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New recommendations for sleep

There are guidelines and rules for almost everything we do – even for how to get the best night’s sleep. But if you suffer from sleep problems such as insomnia, you’ll probably be happy to get all the help you can.
In February, the National Sleep Foundation (NFS) in the United States (yes, it does exist!) published its new set of sleep guidelines.
Let’s peek beneath the sheets to see what the new guidelines suggest we do for a better slumber:

The issue with sleep

Incredibly, up to 70 million Americans reportedly suffer from sleep deprivation. That’s a lot of people tossing and turning, and not getting the well-earned rest they need for optimal health and wellbeing.
In Australia, the stats aren’t much better. According to the Sleep Health Foundation, 10 percent of Aussie adults – that’s 2 million people – suffer from a sleep disorder, clinical insomnia, or sleep apnea. And it’s putting a $5.1 million dent in the economy. Not only that, but that slide in life enjoyment attributed to poor sleep costs an extra $31.4 billion each and every year.

New sleep guidelines

The new guidelines were the result of a 12-month review conducted by the NFS in the US, assessing studies and literature on sleep. And it took a panel of 18 sleep experts, including spokespeople from the American Neurological Association and the American Academy of Pediatrics to reveal the findings.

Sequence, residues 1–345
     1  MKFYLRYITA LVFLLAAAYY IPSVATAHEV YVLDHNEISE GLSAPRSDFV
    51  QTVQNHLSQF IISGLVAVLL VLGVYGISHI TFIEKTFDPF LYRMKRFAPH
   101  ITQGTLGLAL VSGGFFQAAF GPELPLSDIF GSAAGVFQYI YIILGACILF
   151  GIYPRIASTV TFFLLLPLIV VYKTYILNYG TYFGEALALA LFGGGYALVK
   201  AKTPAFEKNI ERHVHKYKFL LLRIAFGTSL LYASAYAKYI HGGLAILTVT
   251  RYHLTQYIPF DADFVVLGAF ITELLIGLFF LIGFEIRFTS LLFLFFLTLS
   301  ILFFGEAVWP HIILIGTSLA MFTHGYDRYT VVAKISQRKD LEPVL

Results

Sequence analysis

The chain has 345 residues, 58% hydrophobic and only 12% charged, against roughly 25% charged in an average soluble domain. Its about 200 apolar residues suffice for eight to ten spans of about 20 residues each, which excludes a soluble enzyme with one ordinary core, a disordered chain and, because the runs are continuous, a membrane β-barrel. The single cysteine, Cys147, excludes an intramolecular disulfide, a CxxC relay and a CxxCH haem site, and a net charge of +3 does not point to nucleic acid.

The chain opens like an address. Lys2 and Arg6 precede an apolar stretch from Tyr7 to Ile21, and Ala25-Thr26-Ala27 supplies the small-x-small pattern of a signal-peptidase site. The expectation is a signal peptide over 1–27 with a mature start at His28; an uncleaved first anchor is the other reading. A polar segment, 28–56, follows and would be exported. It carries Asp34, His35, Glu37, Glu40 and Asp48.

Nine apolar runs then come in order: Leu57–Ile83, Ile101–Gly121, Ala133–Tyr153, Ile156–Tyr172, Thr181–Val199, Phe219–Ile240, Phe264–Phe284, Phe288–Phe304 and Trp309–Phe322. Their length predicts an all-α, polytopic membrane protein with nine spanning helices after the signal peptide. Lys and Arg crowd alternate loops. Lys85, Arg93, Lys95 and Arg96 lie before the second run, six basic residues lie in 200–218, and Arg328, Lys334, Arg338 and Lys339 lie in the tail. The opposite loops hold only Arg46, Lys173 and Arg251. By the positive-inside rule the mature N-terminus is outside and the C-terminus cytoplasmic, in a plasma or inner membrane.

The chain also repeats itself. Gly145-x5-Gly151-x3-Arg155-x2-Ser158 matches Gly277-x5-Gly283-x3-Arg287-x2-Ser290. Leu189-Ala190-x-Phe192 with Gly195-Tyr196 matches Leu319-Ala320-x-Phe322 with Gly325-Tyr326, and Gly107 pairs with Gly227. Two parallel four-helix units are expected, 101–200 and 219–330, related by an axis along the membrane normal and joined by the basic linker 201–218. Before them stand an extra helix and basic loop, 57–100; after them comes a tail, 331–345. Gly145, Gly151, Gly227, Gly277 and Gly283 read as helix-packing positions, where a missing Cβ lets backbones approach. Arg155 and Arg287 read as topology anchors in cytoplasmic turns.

The guidelines are:
  • Newborns (0-3 months): 14-17 hours each day (previously 12-18)
  • Infants (4-11 months): 12-15 hours (previously 14-15)
  • Toddlers (1-2 years): 11-14 hours (previously 12-14)
  • Preschoolers (3-5): 10-13 hours (previously 11-13)
  • School-age children (6-13): 9-11 hours (previously 10-11)
  • Teenagers (14-17): 8-10 hours (previously 8.5-9.5)
  • Younger adults (18-25): 7-9 hours (new age category)
  • Adults (26-64): Sleep range did not change and remains 7-9 hours
  • Older adults (65+): 7-8 hours (new age category)
Source: CBS
The review also pointed out that today’s teens spend longer staring at screens and saying up later, hence the new recommendation for slightly more shut-eye.
In Australia, the Sleep Health Foundation has also published its own set of sleep tips. See the website to view.
So, are you getting enough sleep?

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